How do you set a price on a property where there has not been a tenant since the late 1980s?

A customer approached me to sell property of his that lies across from his house, but has not had a tenant since the 1980s. It is a small cinder block building on a 1/2 acre of commercially zoned land. With no tenant in thirty or more years what is the best way to arrive at a value here? A price that reflects highest and best use of the land? Valuing the building?
In Selling Property - Asked by Peter M. - Dec 24, 2015
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lee p.
Manassas, VA

the best way i have found to do this is to compare doller for doller the square feet of the property,( taking in consideratioin the frontage feet), to nearby properties that have sold. then figure how much it would cost to build a simular size building , deducting for repairs and condition. add on if zoning is for better use lee

Dec 24, 2015
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Michael A.
Washington, DC

The default always lies with Uncle Sam. Thus first check with your county / state registry of deeds to gain historical sales, recordation and/or deed of trust data. Then query the property's local tax assessment office and use that figure as your baseline.

Dec 26, 2015
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John W.
Williamsburg, VA

One Approach.....determine the income that could be realized if an investor purchased the property and leased it ...then back out your value by the return the property would realize if leased. Also, as i am assuming there are no comparable sales: 2) the other approach would be to determine the value of the land on it's own, and then determine the replacement value (construction costs, minus depreciation for age and condition) of the improvement on the land (unless the improvement has no value and should be raised) blend the two values together and come up with a total value of the property.....hope that helps...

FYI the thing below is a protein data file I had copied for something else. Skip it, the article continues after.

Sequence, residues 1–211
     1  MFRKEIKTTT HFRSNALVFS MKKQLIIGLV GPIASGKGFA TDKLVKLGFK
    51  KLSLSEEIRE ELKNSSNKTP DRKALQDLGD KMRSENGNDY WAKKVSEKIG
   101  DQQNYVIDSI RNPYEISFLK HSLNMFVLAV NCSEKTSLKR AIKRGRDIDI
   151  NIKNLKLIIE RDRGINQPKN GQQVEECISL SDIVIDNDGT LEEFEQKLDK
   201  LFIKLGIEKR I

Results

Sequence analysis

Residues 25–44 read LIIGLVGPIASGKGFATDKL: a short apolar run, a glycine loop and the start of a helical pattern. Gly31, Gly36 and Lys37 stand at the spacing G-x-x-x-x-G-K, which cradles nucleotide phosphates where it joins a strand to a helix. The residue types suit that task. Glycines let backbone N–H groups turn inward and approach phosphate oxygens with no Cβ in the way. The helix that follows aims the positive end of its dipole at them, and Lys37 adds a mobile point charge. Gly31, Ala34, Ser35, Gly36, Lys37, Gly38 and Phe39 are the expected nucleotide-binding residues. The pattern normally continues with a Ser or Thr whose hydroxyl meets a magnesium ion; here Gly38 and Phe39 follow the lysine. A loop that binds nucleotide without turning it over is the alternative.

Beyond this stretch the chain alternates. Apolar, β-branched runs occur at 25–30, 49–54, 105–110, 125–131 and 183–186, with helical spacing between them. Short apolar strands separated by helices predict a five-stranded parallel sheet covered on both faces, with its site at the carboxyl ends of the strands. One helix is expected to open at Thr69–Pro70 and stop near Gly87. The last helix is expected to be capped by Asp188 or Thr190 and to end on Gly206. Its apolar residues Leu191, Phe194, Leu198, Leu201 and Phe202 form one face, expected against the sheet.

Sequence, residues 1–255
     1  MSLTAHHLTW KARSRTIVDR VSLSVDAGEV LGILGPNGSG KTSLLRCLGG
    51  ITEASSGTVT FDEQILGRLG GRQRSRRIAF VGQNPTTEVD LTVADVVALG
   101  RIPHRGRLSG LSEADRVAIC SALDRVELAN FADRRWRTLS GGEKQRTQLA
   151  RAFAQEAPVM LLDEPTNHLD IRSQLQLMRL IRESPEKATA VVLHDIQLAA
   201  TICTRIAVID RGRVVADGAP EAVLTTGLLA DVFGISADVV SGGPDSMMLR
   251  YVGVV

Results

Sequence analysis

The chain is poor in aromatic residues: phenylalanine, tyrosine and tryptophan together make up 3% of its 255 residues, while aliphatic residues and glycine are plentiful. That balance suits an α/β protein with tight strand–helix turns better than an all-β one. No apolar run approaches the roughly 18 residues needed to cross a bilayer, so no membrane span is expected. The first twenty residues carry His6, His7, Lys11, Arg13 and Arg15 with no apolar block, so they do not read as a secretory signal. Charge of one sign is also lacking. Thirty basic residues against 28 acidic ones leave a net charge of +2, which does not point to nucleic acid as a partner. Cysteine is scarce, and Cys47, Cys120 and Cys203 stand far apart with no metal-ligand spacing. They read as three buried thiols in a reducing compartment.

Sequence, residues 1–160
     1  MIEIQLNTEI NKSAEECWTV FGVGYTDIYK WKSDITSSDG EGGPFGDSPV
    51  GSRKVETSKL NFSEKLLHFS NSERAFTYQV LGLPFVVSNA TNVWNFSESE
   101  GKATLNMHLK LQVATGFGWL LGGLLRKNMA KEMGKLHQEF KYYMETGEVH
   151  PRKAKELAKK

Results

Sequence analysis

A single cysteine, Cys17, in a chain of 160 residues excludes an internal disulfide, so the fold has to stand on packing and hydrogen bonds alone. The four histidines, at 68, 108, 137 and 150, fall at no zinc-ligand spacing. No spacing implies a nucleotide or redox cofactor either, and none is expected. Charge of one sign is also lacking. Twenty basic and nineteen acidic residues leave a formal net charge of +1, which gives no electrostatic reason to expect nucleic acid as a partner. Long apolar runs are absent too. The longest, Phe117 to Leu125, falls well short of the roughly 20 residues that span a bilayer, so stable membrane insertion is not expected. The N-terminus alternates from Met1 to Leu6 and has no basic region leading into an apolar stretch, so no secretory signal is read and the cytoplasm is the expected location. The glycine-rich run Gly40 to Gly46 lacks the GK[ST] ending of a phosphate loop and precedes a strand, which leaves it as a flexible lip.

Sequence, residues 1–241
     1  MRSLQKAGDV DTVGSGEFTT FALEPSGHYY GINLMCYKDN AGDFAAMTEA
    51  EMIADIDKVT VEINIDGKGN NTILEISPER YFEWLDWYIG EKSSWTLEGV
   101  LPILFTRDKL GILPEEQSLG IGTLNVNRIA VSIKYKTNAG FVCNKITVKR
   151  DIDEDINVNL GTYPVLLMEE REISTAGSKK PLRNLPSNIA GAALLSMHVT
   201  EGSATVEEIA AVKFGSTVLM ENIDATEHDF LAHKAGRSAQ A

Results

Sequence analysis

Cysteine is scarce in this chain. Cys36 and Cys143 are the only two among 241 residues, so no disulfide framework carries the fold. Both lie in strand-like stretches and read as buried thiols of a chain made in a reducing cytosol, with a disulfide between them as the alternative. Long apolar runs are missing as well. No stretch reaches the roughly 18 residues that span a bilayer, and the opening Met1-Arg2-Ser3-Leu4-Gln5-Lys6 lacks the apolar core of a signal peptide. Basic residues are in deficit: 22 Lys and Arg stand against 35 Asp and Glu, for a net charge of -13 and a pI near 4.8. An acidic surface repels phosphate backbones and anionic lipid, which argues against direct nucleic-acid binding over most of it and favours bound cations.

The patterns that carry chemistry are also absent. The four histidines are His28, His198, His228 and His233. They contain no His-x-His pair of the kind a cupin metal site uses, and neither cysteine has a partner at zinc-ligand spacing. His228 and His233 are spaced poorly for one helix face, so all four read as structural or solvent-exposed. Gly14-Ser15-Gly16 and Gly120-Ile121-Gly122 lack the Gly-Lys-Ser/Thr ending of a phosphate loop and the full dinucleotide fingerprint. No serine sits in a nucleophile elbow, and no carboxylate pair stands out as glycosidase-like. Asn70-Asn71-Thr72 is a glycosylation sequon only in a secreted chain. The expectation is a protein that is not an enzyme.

Dec 27, 2015
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Dennis G.
Pasco, WA

My approach would be to inspect the condition of the building, do a rental survey for potential income, determine the cap rate used in your area for this type of property and do the math to determine value less the cost of repairs for condition, fire and other municipal code upgrades, etc. You can use the assessors tax records as a guide but in my area they do not generally reflect the actual condition of the building.
hope this helps.

Dec 27, 2015
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WC Equity G.
Tampa, FL

Valuating market conditions can be tricky with vacant properties. The most conservative approach would be to analyze from an income-approach valuation model. Review the capitalization rate based on today's current estimated/pro forma rent rates and derive a cap rate from that customary for the market.
Best of luck.

Dec 28, 2015
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